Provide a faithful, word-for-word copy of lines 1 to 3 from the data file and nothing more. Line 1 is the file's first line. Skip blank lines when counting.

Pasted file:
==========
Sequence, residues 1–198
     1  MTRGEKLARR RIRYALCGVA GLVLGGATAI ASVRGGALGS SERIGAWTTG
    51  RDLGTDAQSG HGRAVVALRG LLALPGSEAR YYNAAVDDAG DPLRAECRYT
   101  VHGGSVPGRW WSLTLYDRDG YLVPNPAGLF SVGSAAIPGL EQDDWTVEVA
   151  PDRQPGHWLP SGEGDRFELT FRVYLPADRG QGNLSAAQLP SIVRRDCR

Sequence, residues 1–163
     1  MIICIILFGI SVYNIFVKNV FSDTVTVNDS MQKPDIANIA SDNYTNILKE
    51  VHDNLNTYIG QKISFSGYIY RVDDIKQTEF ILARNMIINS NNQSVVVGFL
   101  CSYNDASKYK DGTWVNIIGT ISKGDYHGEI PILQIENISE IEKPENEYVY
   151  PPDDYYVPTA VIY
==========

Sequence, residues 1–198
     1  MTRGEKLARR RIRYALCGVA GLVLGGATAI ASVRGGALGS SERIGAWTTG
    51  RDLGTDAQSG HGRAVVALRG LLALPGSEAR YYNAAVDDAG DPLRAECRYT